Master's Theses

Date of Award

Summer 1954

Degree Name

Master of Science (MS)




Dr. W. Clement Wood


The problem in this investigation is to discover teacher reaction to various in- service education practices and techniques utilized by administrators and teachers in the development of in-service education programs in the elementary schools of Western Kansas. In order to arrive at general evaluations concerning in-service education, an opinionnaire was sent to 300 selected teachers in graded elementary schools having a designated principal and at least three teachers. Data were obtained from 120 returned opinionnaires which represents a 40 per cent response to the survey. For the purpose of comparison, a study was also made of authoritative literature relevant to in-service education. were: Areas in which teachers were asked to express an opinion 1 . Group conferences including: a. meetings of all teachers in a given building. b. Meetings of all teachers in the school system. c. Meetings of all teachers teaching a certain grade. d. Pre-school faculty meetings. 2. Individual conferences with the principal. 3. Intervisitation. 4. Classroom visits by the principal. 5. Demonstration teaching. 6. Audio-visual aids. 7. Summer school 8. Extension courses 9. Travel and travel seminars. 10. Short excursions during the school year. 11. Correspondence course work. 12. Professional conventions. 13. Workshops. 14. Directed professional reading. Techniques which teachers believed to be of definite value were pre- school faculty meetings, individual conferences with the principal, demonstration teaching, travel, and workshops. The respondent s indicated that the practices of questionable value in in-service education activities were intervisitation within the school system at the same grade level, intervisitation within the school system at a different grade level, classroom visits by the principal, short excursions, and institutes. It was also found that faculty meetings were usually planned by the principal and that conferences after classroom visits by the principal were not usually held after each visit. As a result of the investigation, it was concluded that: 1. Most elementary schools in Western Kansas do not have well developed programs of in-service education. 2. In general, the ratings given each technique correspond with the opinions held by authorities. 3. Most of the planning for group functions of an in-service education nature is done by the respective principals. 4. The National Education Association appears to be of greatest benefit to the classroom teacher through the NEA Journal. 5. The most common in- service education methods employed by individual teachers are college summer school, extension work, and correspondence courses. 6. The most commonly employed group techniques are faculty meetings, the Kansas State Teachers Association Conventions, and county institutes.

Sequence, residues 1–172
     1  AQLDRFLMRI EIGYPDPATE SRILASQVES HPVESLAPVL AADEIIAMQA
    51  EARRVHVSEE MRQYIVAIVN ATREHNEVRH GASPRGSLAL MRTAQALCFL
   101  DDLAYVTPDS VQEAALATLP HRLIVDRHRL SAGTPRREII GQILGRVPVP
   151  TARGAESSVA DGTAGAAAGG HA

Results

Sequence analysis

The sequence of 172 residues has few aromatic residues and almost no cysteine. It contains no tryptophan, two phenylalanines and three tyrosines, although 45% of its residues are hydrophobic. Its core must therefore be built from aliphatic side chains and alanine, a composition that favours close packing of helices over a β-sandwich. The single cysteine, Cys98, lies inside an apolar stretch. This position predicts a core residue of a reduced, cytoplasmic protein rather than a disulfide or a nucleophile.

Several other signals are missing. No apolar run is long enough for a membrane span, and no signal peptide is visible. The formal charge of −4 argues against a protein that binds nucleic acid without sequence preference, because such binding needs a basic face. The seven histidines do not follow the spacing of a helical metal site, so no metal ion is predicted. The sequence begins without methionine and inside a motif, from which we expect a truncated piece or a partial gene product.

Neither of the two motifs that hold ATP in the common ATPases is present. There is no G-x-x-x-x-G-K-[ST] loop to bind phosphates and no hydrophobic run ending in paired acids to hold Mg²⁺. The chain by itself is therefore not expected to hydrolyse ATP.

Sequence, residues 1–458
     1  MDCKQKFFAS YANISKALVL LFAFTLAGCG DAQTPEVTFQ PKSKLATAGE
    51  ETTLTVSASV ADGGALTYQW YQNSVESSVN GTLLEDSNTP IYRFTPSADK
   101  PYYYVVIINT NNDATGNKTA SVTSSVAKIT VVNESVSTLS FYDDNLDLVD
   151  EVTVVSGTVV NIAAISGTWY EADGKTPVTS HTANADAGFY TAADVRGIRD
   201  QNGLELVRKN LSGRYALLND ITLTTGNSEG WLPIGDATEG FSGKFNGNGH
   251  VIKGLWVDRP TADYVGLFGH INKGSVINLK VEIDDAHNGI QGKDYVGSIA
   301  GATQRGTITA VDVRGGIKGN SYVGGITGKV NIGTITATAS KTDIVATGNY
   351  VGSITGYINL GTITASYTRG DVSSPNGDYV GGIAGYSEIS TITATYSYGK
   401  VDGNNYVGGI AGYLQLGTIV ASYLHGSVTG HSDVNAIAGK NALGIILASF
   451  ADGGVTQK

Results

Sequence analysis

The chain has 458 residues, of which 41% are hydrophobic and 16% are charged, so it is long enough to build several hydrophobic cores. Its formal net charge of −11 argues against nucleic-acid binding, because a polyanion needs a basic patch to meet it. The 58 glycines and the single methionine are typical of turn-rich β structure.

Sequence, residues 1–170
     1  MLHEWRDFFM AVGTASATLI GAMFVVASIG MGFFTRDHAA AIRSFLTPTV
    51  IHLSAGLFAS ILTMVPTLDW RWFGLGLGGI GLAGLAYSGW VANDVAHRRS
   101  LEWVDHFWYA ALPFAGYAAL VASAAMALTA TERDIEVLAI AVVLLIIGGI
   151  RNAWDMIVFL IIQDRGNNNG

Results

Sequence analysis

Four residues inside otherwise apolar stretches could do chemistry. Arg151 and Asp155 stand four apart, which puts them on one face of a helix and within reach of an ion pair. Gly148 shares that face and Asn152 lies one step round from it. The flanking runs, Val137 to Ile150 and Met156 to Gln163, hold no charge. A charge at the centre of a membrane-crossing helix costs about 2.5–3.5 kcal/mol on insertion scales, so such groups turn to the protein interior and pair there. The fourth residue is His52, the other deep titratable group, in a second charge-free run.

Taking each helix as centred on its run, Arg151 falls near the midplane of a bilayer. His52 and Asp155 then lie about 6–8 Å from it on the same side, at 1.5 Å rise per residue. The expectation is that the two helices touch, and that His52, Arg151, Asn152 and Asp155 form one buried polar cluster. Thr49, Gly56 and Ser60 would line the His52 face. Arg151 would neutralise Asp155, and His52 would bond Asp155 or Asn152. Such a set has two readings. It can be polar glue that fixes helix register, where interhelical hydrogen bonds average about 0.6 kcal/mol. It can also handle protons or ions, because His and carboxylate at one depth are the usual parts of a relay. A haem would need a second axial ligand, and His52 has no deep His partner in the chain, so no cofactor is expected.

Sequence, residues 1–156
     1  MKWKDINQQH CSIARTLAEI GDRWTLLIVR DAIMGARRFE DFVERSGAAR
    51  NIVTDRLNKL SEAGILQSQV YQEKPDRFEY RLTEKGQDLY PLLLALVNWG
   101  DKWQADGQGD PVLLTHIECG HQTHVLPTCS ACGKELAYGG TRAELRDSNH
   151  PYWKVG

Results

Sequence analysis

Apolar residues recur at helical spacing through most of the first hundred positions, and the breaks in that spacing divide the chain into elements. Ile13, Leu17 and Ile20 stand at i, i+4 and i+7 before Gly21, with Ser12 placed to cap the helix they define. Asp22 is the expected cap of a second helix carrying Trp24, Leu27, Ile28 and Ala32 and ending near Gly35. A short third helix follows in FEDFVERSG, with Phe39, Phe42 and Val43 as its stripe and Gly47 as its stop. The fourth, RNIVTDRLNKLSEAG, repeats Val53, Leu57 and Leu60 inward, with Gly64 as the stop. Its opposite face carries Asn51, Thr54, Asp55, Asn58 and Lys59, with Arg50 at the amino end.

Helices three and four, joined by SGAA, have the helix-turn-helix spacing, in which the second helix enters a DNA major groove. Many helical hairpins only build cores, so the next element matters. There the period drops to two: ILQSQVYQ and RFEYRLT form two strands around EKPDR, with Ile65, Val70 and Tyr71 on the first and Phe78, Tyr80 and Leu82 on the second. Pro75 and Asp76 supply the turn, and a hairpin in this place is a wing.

Copyright 1954 Roland D. Nelson

Library Call Number

LD2652 .T5 E3 N44 1954


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